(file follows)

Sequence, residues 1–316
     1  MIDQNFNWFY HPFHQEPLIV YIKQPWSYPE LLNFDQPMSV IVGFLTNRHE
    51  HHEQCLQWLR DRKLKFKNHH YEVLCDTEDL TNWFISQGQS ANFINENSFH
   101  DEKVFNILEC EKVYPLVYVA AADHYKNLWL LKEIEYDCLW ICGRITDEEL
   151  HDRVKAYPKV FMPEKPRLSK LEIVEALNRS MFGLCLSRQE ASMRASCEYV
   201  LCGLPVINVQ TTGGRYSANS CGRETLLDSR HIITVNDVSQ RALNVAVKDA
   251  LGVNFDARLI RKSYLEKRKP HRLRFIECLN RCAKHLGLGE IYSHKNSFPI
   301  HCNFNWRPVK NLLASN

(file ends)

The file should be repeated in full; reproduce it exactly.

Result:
Sequence, residues 1–316
     1  MIDQNFNWFY HPFHQEPLIV YIKQPWSYPE LLNFDQPMSV IVGFLTNRHE
    51  HHEQCLQWLR DRKLKFKNHH YEVLCDTEDL TNWFISQGQS ANFINENSFH
   101  DEKVFNILEC EKVYPLVYVA AADHYKNLWL LKEIEYDCLW ICGRITDEEL
   151  HDRVKAYPKV FMPEKPRLSK LEIVEALNRS MFGLCLSRQE ASMRASCEYV
   201  LCGLPVINVQ TTGGRYSANS CGRETLLDSR HIITVNDVSQ RALNVAVKDA
   251  LGVNFDARLI RKSYLEKRKP HRLRFIECLN RCAKHLGLGE IYSHKNSFPI
   301  HCNFNWRPVK NLLASN